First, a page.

6. Help or connect to a helper – Be a keen observer to notice if the vulnerable person needs help beyond being just vulnerable. Act smart and connect to professional helpers.  
  7. Don’t feel jealous – A person who is being vulnerable before you might also make himself or herself vulnerable before certain others – either because s/he is too open or because there is a desperate need to vent out. Hence, it is unwise to expect that you are the sole respite for the person.

Vulnerability is not a sign of weakness. Internalization of thoughts, emotions and feelings might prove detrimental in the long run when a person resorts to repress them. To be agents of healing for people around, the art and science of being effective handlers of vulnerability needs to be mastered. If you feel you are a person who can handle vulnerability, create the ambience. Don’t impose vulnerability. Forced vulnerability is hedonistic!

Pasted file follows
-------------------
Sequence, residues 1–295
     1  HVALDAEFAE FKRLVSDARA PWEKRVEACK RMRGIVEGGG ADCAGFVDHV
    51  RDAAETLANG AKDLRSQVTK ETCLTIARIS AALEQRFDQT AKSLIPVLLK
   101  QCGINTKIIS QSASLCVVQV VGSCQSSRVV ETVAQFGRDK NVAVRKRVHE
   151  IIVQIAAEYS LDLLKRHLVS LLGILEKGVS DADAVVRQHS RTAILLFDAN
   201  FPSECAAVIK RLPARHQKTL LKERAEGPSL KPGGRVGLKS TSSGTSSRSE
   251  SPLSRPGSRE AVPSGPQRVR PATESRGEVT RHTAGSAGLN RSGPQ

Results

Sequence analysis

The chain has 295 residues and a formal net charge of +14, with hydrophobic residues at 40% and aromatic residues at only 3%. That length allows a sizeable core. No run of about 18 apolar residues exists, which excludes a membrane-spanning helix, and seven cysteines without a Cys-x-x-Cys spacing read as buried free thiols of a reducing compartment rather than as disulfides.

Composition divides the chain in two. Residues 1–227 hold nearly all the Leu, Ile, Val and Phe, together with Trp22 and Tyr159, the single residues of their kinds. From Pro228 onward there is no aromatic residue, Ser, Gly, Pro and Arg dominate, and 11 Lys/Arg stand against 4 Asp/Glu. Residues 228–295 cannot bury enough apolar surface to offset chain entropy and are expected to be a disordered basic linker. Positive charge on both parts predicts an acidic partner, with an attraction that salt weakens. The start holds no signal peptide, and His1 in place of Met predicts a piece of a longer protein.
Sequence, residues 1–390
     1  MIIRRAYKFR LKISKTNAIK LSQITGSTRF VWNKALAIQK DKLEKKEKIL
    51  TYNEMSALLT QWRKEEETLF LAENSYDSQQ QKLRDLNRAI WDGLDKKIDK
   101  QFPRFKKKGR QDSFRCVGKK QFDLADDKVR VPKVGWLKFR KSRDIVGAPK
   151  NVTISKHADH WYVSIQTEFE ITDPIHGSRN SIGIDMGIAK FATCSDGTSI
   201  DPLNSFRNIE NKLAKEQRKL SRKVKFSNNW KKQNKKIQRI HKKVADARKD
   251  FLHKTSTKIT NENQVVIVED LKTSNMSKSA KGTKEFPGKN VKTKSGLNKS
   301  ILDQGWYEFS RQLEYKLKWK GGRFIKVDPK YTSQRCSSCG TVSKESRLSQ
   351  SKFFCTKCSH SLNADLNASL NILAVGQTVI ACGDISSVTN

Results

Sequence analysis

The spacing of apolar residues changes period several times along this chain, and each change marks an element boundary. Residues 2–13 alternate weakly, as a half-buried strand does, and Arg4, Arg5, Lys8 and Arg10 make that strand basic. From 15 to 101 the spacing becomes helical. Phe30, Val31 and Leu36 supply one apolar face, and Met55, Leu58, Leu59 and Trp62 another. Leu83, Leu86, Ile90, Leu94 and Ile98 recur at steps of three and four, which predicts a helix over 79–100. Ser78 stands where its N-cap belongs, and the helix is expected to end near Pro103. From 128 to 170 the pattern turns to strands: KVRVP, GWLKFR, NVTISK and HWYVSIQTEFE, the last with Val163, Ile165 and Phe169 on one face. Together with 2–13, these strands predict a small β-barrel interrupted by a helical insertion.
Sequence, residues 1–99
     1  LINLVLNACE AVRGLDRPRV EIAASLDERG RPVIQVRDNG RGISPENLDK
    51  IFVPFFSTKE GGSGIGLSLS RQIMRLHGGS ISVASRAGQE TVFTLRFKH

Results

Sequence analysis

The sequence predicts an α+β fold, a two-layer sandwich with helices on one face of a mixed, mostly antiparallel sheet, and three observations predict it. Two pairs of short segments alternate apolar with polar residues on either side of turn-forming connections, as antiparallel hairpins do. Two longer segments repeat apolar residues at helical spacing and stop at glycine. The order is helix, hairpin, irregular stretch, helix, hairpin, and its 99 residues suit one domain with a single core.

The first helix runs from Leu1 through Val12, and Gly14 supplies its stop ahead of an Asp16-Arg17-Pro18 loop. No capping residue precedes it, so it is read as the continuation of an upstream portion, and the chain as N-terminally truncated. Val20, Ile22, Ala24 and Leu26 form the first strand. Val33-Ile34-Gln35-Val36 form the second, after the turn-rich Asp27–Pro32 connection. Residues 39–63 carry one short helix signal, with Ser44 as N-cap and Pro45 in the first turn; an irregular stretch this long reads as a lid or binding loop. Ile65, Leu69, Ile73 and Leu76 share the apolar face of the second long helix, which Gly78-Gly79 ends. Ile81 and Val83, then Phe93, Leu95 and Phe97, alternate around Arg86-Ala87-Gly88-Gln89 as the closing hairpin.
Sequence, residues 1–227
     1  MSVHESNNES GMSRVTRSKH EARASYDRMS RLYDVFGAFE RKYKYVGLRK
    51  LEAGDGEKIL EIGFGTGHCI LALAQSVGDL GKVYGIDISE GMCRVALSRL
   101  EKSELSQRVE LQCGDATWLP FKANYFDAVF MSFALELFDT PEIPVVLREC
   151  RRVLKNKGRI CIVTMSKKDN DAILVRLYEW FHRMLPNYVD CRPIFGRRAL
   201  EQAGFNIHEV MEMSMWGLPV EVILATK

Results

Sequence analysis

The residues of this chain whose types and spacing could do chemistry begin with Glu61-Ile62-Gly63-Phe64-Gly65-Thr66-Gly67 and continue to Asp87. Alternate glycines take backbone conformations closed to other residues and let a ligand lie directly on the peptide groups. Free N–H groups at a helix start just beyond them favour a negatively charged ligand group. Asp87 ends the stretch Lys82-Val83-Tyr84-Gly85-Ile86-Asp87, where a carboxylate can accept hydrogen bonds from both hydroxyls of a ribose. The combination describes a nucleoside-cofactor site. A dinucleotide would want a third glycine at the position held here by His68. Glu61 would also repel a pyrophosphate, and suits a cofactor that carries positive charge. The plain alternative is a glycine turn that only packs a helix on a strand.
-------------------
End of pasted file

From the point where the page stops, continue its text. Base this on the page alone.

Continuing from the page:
The sea so serene and cool

Roared and raged with the storm Bulbul

Lashing upon land and ocean

Causing untold commotion

The trees that Fani left

Away Bulbul fiercely swept

Parts of poor men’s thatched roofs

Were blown away with whoofs

Leaving gaping holes

That welcomed in the heavy downpours

No man or beast ventured out

Fearing the fury of nature’s pout

The groan of nature is not its own

Behind it is the Creator’s leading tone

Havoc and destruction however are not His purpose

To amuse Himself with such gory circus

He calms the storm with His words

His majestic power rides over the waters

Who should men then fear – the storm or its Master?

(Written on the cyclone BULBUL that struck Odisha in November 2019.)